Here’s another valuable piece of advice that I’d like to reexamine. It’s true that it can be easier and more comfortable to write what you already know. You are on more certain ground and are less likely to make mistakes that would lose the trust of your readers. But it can also be exciting to write about places you’ve never been or subjects that you are only just learning about. This can provide a level of mystery and exploration for the writer that can drive a piece of writing in ways and directions that writing about familiar terrain can never reach. So I prefer to rephrase this as “Know What You Write.” This may mean you know it already or it may mean that you need to do significant research, and probably this means experiential research — going out and doing the things you’re writing about or digging deep into the study of the subject you want to write about. Surface knowledge is rarely enough. You need to live and breathe what you write until it does become what you know. By the time you are finished writing, “Write What You Know” makes sense, in other words, but in the beginning, it could be that you decide to write about an unknown subject in order to explore it thoroughly and intimately in the process of writing.

Show Don’t Tell

This is one myth that I firmly believe — most of the time. I’m an advocate of the image, and I’m always trying to get student writers to show me more. But even as I do that, I am always a little uncomfortable treating it as a rule of law. There are plenty of times in writing that we do want to tell. A poem may have no images and still be a poem if it has form or if it experiments with language. A story may begin with a scene or it may begin with narration. I’ve known a few stories (and have even written one or two) that relied primarily on narration with very little scene. The flow of language in a prose paragraph can be just as inviting as an image, and the thought behind a story is sometimes best placed in the foreground. So I want images, sometimes I even demand them, but I also want to acknowledge the times and forms where showing might take a back seat to telling.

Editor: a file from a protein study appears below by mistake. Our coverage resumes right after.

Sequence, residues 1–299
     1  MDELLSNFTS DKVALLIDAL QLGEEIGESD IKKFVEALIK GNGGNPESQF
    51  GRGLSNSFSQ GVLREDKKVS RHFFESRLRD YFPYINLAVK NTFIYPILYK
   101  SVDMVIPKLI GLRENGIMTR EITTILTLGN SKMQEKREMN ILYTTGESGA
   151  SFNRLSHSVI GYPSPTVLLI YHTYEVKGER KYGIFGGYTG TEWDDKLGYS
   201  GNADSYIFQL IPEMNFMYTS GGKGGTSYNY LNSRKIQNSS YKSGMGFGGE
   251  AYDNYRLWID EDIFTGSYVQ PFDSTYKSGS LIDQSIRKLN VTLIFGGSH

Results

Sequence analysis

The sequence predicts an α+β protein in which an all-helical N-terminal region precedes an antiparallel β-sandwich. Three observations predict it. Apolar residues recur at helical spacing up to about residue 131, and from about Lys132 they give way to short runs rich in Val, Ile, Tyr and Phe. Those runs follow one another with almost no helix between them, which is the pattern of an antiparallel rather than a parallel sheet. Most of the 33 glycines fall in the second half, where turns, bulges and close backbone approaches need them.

Write From Your Muse

We all want to be inspired. We all want to find the subjects or the material that make us eager to write. We long for the moments when writing comes natural and feels like it’s hardly any work at all. But we also can waste a lot of time and energy waiting for the muse to arrive or being frustrated that the writing feels more like a slog through the mud than a sprint to the finish. When inspiration becomes an unattainable muse, then we may feel like we aren’t writers or that we have writer’s block when the muse doesn’t show up very often. When we instead acknowledge that the inspired moment is the rare anomaly, or that inspiration comes more often when we put in the work than when we wait for it to happen, then we are moving down the path of the professional writer. Writing without purpose, not knowing if the work you are doing will be productive or not, but doing it anyway because it is writing: that’s the hard part. But writing for the sake of writing, trying out an idea even if you’re not sure if it’s ‘inspired,’ is often what’s needed to get you to the inspired moment you long to have. Without the first stumbling five lines or ten pages, the poem or story may never get started. Once you have a sense of where you’re going with a piece, you’re more likely to feel inspired about it, but getting there takes courage, dedication, or just pure obstinance. Worshipping a muse can make it seem unattainable; bringing it down to earth and thinking of writing as a process that sometimes takes effort can also make it seem more manageable.